The Bundled Payments for Care Improvement (BPCI) initiative tests four different models based on episodes of care that involve an inpatient hospital stay.
What’s the Issue?
The Affordable Care Act (ACA) gave the Centers for Medicare and Medicaid Services (CMS) broad authority to test out new payment models that have the potential to reduce Medicare spending, as long as those models preserve or enhance the quality of care provided to beneficiaries. Sylvia Mathews Burwell, secretary for health and human services, has committed to tying 50 percent of Medicare payments to these new alternative payment models by the end of 2018.
The Center for Medicare and Medicaid Innovation (CMMI) within CMS is testing a variety of new approaches, including paying providers for episodes of care instead of for each service provided. The Bundled Payments for Care Improvement (BPCI) initiative tests four different models based on episodes of care that involve an inpatient hospital stay. One model focuses on care provided during the hospital stay, while the other three models include postacute care provided once the patient is released from the hospital. CMS hopes that by paying for related care as part of a broad payment bundle, different providers that treat a patient during a single episode will have incentives to better coordinate care, avoid unnecessary services, and improve patient health. Most of the savings are expected to come from reducing spending on physician services during the hospital stay and efficiencies in providing postacute care.
This brief describes the different models being tested and CMS’s experience with the project to date.
Both CMS and providers are continuing to gain experience with and learn from the BPCI initiative. All four models have projects underway that will continue into 2016.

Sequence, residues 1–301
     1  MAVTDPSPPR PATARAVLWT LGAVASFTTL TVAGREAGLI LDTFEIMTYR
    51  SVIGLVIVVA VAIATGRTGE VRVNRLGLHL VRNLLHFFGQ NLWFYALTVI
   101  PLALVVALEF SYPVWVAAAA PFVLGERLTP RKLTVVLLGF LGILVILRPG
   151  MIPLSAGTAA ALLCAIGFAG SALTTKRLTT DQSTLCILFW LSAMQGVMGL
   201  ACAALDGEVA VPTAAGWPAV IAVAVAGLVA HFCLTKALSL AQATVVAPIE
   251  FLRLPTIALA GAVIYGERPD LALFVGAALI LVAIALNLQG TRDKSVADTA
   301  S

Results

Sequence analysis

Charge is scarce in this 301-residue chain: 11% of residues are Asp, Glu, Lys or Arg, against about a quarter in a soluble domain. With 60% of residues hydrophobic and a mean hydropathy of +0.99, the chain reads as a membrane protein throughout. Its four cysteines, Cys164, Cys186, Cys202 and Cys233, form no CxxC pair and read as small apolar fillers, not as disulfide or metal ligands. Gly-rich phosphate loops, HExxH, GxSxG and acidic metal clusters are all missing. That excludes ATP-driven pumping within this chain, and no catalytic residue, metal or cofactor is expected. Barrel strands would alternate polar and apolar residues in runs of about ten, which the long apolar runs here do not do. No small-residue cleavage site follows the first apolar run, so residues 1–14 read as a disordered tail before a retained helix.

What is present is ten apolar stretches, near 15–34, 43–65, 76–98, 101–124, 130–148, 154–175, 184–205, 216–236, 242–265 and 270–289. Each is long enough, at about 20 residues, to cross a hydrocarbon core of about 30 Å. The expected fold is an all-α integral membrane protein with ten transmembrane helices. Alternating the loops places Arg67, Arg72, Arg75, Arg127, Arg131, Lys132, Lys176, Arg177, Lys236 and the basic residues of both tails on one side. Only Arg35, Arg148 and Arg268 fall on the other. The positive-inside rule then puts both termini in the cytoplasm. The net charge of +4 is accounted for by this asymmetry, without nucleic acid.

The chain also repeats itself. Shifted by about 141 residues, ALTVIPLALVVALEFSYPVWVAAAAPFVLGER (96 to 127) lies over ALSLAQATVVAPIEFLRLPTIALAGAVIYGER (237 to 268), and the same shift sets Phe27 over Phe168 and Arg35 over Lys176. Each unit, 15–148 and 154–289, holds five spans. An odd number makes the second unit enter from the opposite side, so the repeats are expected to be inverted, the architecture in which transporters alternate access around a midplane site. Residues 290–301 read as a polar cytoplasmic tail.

Congress gave CMS the authority to expand use of a tested model without requiring a change in law if CMS finds that the model reduces spending without reducing the quality of care or improves the quality of care without increasing spending. CMS has not proposed to expand the use of any BPCI initiative model at this time but could do so in the future.
However, CMS is proposing to expand testing of concepts used in the BPCI initiative on a non-voluntary basis. Under its comprehensive care for joint replacement (CCJR) model, hospitals in the sixty-seven metropolitan areas selected for the model will receive a bundled payment for the inpatient stay and ninety days of postacute care.
While the structure of the CCJR model is similar to model 2, there are significant differences. Hospitals in selected areas will be required to participate in the CCJR model (unless the hospital is already participating in certain tracks of the BPCI initiative), and hospitals in other areas will not be able to participate. All lower extremity joint replacement cases at hospitals within those geographic areas will receive the bundled payment; under the BPCI initiative, cases could be limited to those from specific episode initiators, such as only those physician group practices with which the hospital has a relationship. CMS will implement this new payment model on April 1, 2016.
CMS is also testing bundled payments for care that does not include an inpatient hospital stay. Under its oncology care model, CMS is creating bundled payments for six-month episodes that start with the first claim for chemotherapy. This model is expected to start in spring 2016.